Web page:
In the April 1998 issue of AAP News, the official publication of the American Academy of Pediatrics, pediatrician Matthew Aney, M.D. says "On Becoming Babywise has raised concern among pediatricians because it outlines an infant feeding program that has been associated with failure to thrive (FTT), poor weight gain, dehydration, breast milk supply failure, and involuntary early weaning...the book makes numerous medical statements without references or research, despite that many are the antitheses of well-known medical research findings...many parents are unaware of problems because the book is marketed as medically supported." Dr. Aney says the AAP recently passed resolution #53SC to "continually evaluate infant management programs such as 'Preparation for Parenting' and 'On Becoming Babywise' and regularly report its findings."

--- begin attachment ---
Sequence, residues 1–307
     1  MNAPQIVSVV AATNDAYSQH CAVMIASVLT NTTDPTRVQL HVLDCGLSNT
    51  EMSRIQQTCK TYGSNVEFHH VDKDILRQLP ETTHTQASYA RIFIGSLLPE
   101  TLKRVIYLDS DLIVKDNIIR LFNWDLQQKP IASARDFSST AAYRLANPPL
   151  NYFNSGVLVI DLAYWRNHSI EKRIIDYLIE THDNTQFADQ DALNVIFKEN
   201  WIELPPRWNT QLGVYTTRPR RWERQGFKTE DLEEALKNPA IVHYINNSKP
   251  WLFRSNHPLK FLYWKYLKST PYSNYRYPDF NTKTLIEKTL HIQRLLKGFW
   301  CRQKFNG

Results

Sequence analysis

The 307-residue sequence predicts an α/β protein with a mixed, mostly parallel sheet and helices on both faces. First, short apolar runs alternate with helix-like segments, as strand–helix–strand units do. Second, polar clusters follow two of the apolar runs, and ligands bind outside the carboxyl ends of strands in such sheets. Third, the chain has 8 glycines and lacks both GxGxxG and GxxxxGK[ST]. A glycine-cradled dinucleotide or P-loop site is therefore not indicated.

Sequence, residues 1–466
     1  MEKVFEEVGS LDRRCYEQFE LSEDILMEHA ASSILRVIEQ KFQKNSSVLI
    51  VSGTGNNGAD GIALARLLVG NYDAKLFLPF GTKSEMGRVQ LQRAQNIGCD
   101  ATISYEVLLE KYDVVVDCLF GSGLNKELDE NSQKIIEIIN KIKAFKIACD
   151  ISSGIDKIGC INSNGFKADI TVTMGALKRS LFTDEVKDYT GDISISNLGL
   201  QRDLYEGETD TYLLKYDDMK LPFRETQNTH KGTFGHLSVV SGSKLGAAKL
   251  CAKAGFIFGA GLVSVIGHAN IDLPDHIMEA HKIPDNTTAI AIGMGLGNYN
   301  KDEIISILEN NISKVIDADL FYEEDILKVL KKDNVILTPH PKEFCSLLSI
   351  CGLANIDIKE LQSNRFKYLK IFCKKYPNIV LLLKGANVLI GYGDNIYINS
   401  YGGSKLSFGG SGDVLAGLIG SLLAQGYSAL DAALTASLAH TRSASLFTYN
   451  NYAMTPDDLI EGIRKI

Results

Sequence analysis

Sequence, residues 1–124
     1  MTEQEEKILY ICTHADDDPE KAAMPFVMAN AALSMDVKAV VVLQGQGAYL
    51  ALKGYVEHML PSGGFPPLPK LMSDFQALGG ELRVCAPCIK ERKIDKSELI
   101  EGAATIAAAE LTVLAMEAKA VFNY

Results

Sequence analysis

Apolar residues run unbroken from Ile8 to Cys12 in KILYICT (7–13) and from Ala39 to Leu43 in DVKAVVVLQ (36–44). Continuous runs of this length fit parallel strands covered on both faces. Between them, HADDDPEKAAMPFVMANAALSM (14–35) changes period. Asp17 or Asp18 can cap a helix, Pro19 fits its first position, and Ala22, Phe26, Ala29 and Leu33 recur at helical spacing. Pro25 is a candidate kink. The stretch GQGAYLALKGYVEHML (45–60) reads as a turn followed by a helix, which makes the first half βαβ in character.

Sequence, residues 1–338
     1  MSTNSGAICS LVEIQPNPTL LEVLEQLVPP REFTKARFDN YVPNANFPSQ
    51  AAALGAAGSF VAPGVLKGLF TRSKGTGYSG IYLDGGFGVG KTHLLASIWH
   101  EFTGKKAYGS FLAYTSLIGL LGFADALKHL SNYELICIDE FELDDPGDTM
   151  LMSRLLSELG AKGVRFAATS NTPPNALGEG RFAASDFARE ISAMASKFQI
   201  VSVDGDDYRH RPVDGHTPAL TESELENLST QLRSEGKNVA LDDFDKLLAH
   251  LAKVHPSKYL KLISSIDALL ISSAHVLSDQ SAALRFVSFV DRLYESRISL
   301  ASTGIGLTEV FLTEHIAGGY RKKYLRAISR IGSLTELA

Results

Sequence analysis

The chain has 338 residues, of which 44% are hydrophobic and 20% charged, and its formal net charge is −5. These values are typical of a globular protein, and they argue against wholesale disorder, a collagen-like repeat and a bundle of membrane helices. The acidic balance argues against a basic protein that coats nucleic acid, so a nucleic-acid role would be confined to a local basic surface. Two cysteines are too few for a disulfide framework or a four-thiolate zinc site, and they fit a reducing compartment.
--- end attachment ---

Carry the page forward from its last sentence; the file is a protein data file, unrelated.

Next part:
The program's firm stand against nursing on cue is refuted by Dr. Lillian Blackmon, AAP Member Committee on Fetus and Newborn, neonatologist, and faculty member of the University of Maryland School of Medicine. "There is no scientific evidence for any species, including the human being, that forced scheduled feeding is in any way superior to demand feeding. Adults would never accept that."
Blackmon addresses Ezzo's claim that a feeding routine will stabilize the hunger pattern of an infant: "Nobody can structure his hunger pattern. Hunger is a physiological response to the absence of food. That's nonsense that parents can structure their child's hunger...I think the baby ends up learning, 'my needs aren't being met' if there's no response when I say, 'I need you.'"